It seems as if the Department of Defense is focused on blogs as the biggest threat to OPSEC in the new media realm. It may be, however, that they overlooking another possibility — wikis.
From the Washington Post:
Wikileaks is developing an uncensorable Wikipedia for untraceable mass document leaking and analysis. Our primary interests are oppressive regimes in Asia, the former Soviet bloc, Sub-Saharan Africa and the Middle East, but we also expect to be of assistance to those in the west who wish to reveal unethical behavior in their own governments and corporations. We aim for maximum political impact; this means our interface is identical to Wikipedia and usable by non-technical people. We have received over 1.2 million documents so far from dissident communities and anonymous sources…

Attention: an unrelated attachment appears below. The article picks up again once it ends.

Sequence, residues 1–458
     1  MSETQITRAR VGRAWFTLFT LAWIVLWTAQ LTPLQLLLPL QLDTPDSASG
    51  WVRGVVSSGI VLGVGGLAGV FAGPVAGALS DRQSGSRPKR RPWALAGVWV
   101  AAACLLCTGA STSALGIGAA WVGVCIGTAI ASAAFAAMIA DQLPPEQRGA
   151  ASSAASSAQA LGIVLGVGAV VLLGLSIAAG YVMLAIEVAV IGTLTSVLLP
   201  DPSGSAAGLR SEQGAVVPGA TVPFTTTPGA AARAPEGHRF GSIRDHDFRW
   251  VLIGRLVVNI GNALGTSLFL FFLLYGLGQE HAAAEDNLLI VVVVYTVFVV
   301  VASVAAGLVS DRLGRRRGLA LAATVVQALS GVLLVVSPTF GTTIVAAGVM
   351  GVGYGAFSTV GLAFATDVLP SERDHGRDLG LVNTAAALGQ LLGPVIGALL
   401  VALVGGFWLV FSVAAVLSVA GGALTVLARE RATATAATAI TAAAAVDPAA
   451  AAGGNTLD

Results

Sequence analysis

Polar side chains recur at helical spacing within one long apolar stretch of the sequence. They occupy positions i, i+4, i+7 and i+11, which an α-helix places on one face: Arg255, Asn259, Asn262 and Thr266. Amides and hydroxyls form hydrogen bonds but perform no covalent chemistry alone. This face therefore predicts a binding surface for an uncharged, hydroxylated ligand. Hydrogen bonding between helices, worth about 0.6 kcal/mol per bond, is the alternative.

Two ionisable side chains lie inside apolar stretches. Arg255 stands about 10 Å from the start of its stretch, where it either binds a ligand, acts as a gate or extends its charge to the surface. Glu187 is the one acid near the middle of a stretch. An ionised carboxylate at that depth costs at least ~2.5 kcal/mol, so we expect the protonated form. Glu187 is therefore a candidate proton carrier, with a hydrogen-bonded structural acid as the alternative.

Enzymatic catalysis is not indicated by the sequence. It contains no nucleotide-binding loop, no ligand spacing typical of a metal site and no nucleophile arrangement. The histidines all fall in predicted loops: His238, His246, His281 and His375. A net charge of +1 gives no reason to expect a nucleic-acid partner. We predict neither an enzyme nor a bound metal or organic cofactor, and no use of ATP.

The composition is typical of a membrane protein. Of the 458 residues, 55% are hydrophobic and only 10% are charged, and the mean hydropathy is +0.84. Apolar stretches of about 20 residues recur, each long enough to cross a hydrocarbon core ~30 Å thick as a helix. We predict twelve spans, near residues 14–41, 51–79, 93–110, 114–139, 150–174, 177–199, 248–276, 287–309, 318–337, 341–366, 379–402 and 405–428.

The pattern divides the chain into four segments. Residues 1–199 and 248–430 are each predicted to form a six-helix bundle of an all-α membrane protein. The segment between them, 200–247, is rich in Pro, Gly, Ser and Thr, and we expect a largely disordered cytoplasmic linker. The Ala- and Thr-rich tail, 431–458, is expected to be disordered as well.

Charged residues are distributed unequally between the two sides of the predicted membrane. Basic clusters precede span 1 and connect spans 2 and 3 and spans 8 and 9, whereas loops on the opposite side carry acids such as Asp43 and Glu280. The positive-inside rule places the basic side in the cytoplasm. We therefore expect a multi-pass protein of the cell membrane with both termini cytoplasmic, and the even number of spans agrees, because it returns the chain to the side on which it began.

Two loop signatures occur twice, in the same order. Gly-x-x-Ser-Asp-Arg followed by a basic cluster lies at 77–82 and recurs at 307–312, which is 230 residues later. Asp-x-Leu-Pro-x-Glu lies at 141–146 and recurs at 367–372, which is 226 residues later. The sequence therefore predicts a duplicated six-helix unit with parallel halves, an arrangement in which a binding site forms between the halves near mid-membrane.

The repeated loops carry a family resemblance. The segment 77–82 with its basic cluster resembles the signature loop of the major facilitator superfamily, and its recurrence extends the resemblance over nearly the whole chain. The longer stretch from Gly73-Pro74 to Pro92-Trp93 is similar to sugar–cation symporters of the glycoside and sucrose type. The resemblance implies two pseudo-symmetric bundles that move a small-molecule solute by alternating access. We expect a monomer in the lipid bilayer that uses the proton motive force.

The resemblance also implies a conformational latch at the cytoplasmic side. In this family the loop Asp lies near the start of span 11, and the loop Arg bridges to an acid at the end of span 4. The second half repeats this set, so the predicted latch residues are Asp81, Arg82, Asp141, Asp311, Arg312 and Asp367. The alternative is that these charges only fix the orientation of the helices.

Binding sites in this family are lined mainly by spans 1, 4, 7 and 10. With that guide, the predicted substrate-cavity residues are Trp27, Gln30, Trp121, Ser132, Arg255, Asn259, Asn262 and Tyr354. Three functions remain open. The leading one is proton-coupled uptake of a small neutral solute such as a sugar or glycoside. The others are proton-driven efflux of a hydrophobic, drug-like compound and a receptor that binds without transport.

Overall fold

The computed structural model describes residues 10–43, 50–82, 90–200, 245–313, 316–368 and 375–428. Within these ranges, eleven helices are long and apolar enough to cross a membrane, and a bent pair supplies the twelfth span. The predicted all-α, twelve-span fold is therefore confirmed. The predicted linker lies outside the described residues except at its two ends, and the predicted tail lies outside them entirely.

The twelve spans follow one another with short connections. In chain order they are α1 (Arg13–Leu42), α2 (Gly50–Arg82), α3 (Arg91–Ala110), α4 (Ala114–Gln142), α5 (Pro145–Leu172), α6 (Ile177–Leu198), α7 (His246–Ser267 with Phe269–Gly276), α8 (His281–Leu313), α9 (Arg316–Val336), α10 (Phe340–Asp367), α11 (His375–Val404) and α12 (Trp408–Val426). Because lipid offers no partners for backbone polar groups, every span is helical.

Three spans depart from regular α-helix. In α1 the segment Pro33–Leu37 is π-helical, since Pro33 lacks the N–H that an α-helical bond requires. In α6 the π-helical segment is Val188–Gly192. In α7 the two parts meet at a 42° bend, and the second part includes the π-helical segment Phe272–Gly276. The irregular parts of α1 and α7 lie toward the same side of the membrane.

Wikileaks opens leaked documents up to a much more exacting scrutiny than any media organization or intelligence agency could provide. Wikileaks will provide a forum for the entire global community to examine any document for credibility, plausibility, veracity and falsifiability. They will be able to interpret documents and explain their relevance to the public. If a document comes from the Chinese government, the entire Chinese dissident community can freely scrutinize and discuss it; if a document arrives from Iran, the entire Farsi community can analyze it and put it in context.
For those not familiar, wikis, such as the popular wikipedia, are information sharing sites that are completely maintained and updated by visitors — the community controls the wiki’s content.
Granted, wikileaks.org is designed to ferret out unethical behavior in government, but this exposes another problem — how difficult would it be to set up a wiki to lead information about DoD operations? Or other government secrets for that matter?
Something to keep an eye on…